Entries in "advocacy"

June 14, 2007

work and life as two balls....

... one of rubber, one of glass. A great metaphor, from Sandra Pianalto, in her speech to the graduating class at John Carroll last month:

Imagine that in one hand you hold a rubber ball and in the other hand you hold a beautiful fragile glass ball. The rubber ball represents your work life. The fragile glass ball represents your personal life - your family, your health, your friends.

What happens if you drop the rubber ball? It will bounce. Someone will pick it up for you, or it will just stay put until you are able to pick it up again.

But if you drop the glass ball, it may smash into a million pieces. If you are lucky, it will only crack - but either way, it will never be the same again.

Don't allow your justifiable concern with your career to cause you to drop the precious ball that represents your family, your friends, and your health.

I want to end today by wishing you, our graduates, not just a successful career, but a successful life. Take a few risks - bounce that rubber ball if you need to. Learn from everyone you meet. Be kind. And be happy. Do these simple things, and we will all be astonished by what you accomplish.

November 10, 2006

a noble profession

Which is the most noble of professions? Certainly, medicine is a top contender -- and one of the reasons is the Hippocratic Oath. In the next 100 years, though, it's possible that management will give medicine "a run for its money", so to speak. Here's a quote from my colleague, Julia Grant:

"all business schools are under an imperative to try to get better at teaching strong ethics, at teaching strong business values that do have to do with creating a better world. Business cannot be just about profit."
(from Peter Krouse's October 28 article in the Plain Dealer, "Honor among managers")

The dean of Thunderbird, the Garvin School of International Management, told the story of Thunderbird's new oath during the BAWB conference in Cleveland last month. Some are skeptical about the ability of a voluntary oath taken by students at one management school to change the practices of managers around the world. Normally, I'm known for my skepticism. In this instance, though, I believe it's more important to match the high intent of those students with practical actions which will reinforce their intent.

I'm lining up beside those recent Thunderbird graduates who signed their oath, and beside any Weatherhead students who will draft and then sign our own version. I will do whatever I can to make management practice more ethical, day by day, so that we can truly say, 100 years from now, that management is a noble profession.

November 08, 2006

metaphors for social change

Remember back in May, when I wrote about the metaphors of motivating change? We need a whole new set of metaphors for understanding how social change occurs, as well -- metaphors that acknowledge the relational dynamics that accelerate or dampen social change processes.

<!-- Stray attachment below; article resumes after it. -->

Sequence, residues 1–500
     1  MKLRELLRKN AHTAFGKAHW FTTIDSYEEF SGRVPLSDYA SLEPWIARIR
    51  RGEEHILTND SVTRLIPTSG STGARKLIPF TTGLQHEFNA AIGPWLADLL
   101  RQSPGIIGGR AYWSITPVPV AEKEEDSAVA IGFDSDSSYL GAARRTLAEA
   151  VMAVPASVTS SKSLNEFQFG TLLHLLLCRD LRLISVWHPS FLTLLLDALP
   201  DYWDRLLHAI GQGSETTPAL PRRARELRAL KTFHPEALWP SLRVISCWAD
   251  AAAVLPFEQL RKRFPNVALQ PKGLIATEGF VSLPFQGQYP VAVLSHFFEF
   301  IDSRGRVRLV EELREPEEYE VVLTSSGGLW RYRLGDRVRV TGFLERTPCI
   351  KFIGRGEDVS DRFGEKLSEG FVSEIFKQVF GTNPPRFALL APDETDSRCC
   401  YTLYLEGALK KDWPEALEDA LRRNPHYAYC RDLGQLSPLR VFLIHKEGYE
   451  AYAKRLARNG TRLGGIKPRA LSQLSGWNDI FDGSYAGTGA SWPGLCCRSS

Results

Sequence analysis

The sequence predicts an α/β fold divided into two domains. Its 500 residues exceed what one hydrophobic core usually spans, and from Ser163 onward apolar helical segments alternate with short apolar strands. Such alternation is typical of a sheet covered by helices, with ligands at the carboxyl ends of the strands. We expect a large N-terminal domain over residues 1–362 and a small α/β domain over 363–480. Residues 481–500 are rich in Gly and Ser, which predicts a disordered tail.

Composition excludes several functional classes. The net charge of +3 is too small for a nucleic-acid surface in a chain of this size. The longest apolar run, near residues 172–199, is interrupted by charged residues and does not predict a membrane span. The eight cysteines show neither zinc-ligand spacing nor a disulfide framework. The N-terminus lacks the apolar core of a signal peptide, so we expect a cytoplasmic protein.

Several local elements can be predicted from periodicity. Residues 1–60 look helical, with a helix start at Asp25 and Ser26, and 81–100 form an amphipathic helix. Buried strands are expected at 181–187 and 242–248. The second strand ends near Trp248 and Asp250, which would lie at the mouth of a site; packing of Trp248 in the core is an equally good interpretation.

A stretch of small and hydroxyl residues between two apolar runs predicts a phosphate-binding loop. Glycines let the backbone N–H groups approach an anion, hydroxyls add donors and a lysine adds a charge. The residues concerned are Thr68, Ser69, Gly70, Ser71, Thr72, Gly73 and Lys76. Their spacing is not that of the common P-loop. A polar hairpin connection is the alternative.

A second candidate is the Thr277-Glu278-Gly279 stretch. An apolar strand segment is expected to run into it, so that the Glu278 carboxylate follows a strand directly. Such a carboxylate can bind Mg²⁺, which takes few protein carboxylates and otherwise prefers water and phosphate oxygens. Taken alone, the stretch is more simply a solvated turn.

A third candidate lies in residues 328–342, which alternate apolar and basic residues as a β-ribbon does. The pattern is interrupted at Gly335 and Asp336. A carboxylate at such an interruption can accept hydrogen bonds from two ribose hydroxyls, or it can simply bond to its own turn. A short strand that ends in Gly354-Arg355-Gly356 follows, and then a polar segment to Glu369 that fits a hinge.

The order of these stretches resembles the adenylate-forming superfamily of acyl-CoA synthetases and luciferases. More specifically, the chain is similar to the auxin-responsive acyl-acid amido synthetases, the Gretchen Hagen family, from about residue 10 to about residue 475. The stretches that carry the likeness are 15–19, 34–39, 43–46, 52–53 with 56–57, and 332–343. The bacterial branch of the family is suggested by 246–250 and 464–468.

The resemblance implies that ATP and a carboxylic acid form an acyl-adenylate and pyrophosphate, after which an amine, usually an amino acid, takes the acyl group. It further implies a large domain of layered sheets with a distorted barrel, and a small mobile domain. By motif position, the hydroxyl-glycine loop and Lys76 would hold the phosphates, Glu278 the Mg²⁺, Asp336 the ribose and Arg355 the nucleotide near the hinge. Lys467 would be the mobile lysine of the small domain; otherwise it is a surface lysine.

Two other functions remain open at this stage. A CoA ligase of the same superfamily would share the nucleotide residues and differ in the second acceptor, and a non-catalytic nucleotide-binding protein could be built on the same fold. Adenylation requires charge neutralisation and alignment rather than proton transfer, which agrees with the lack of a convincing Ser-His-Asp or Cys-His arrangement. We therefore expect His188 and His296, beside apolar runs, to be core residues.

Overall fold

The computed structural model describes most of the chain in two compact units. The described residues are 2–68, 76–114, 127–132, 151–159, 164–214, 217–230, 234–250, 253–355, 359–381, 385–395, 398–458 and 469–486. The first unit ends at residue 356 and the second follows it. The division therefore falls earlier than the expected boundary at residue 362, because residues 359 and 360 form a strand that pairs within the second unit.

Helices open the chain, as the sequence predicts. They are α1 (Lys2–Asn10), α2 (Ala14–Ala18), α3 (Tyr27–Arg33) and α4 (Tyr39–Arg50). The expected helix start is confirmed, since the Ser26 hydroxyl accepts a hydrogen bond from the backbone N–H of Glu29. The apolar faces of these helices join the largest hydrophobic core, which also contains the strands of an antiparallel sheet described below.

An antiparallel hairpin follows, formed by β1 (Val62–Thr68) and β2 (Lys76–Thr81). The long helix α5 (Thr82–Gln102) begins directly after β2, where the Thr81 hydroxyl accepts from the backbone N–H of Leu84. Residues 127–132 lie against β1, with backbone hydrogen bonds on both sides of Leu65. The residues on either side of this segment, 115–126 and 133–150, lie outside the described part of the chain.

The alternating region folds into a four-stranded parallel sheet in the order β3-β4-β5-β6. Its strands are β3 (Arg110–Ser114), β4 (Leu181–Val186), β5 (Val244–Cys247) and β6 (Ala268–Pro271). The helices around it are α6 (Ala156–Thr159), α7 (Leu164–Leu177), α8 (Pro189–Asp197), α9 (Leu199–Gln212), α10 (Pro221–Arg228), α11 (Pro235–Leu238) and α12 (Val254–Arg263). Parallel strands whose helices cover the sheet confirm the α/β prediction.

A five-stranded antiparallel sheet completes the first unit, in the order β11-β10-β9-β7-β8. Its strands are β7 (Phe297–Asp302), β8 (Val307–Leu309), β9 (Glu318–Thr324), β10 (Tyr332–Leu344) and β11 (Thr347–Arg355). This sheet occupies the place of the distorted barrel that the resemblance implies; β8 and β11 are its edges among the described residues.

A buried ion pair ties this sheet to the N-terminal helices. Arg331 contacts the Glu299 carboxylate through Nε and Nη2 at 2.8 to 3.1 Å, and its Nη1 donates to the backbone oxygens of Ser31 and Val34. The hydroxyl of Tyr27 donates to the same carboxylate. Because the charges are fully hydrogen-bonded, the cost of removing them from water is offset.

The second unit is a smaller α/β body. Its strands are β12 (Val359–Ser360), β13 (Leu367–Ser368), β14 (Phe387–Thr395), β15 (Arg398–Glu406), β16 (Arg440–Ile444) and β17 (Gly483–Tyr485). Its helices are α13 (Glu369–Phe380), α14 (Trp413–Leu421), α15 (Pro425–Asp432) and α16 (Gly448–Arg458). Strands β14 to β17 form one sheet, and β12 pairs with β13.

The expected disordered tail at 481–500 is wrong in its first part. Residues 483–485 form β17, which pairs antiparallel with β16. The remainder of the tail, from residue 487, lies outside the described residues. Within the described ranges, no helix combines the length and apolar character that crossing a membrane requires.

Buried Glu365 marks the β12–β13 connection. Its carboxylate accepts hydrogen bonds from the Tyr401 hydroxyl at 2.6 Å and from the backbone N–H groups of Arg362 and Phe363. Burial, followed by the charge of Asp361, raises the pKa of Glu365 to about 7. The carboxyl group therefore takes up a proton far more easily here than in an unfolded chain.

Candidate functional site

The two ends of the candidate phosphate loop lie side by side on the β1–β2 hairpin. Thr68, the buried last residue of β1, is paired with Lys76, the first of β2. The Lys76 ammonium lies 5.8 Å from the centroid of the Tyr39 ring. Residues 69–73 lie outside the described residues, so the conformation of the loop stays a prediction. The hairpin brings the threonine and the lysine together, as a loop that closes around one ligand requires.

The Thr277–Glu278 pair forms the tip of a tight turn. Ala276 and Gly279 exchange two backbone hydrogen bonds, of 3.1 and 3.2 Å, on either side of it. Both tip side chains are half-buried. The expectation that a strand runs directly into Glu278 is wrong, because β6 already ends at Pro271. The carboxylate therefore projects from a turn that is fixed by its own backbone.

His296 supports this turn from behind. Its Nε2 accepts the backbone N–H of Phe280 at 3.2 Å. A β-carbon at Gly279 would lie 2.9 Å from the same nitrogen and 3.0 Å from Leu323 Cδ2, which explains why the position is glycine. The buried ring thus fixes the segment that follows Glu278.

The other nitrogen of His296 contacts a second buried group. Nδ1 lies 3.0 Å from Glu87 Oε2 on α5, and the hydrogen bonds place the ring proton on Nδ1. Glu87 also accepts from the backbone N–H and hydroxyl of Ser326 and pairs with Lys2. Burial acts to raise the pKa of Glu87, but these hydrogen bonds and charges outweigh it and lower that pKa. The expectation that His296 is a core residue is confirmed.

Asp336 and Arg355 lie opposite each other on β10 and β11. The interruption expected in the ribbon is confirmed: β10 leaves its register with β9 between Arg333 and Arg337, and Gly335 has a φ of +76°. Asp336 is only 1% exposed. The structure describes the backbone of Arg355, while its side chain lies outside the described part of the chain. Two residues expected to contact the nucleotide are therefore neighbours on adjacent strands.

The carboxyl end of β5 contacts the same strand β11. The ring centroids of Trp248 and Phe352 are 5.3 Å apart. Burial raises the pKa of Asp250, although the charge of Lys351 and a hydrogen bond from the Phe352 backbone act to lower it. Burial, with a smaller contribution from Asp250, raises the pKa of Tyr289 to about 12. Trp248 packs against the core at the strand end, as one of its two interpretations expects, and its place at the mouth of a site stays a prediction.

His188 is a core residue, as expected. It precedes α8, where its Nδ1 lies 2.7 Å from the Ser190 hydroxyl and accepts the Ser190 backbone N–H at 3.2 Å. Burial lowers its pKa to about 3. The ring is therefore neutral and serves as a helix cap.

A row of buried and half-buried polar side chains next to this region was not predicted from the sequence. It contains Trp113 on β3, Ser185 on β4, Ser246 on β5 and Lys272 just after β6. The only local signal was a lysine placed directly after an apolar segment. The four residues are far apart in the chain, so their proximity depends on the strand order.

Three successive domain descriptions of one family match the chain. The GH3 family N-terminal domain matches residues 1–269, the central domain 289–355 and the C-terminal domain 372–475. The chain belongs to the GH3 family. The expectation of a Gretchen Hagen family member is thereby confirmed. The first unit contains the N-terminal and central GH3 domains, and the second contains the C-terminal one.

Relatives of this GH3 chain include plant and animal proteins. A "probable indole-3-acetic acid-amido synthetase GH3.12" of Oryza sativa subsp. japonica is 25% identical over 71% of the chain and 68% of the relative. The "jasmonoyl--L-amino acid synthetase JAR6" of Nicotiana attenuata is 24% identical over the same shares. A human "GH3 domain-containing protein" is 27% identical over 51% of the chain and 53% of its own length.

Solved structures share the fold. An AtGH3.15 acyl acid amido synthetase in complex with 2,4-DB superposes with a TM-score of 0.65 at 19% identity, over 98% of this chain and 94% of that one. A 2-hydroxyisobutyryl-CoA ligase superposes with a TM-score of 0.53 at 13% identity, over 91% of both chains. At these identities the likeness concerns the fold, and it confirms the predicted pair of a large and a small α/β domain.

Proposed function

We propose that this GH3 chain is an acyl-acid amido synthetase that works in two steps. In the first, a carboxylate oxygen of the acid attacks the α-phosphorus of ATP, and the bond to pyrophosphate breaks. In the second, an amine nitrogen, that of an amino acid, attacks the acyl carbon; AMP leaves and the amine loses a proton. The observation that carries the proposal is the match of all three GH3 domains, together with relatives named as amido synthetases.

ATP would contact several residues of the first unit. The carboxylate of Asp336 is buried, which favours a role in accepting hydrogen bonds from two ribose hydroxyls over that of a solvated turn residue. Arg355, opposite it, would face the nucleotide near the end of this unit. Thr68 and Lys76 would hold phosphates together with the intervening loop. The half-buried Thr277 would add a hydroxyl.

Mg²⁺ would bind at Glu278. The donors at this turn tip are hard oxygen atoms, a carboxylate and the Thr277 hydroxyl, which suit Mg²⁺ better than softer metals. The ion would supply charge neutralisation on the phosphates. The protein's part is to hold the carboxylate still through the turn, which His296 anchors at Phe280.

Political social change seems to be occurring in the United States. The timeframe for that change ranges from the year (2006) to the generation (1980 to 2006), at least according to Joe Kein at Time Magazine. (Thanks to John Ettorre for his blog post bringing this article to our attention.) Klein's article is headlining 2006 as "the year the Democrats punched back", suggesting that political social change occurs in part as a battle of the fists (or at least of the political ad blows and counterblows). Klein's article ends with a very different metaphor, though -- the metaphor of tides cresting and receding:

"2006 may be remembered as the year that the Reagan Revolution finally crested and began to recede."

I recognize that some may consider 26 years more than a generation, and yet Strauss and Howe's 1992 book Generations called 1982-2003 the Millenial Generation. In political writing, this notion that great waves of right-oriented and left-oriented governing alternate is a familiar one, suggesting that perhaps no social change actually occurs; instead we are just watching a pendulum swinging back and forth very slowly... or, we are the grains of sand on the beach, washed first by one wave, and then by another.

And yet our individual experiences suggest that social change does occur, within one lifetime or less, and that relational dynamics are an important part of how social change occurs.

A generation from now, will history acknowledge that the BAWB conference in NEO two weeks ago was actually the tipping point for how business and academia began to act differently together, to make themselves agents of world benefit? Nadya Zhexembayeva is convinced that it was a tipping point, October 25, 2006. She has been watching for this tipping point for a long time -- she heads up the World Inquiry, an action research project of the Center for Business as an Agent of World Benefit (BAWB). She also served as the host of the Virtual Conference that extended the BAWB Global Forum to additional 500+ participants from all over the world.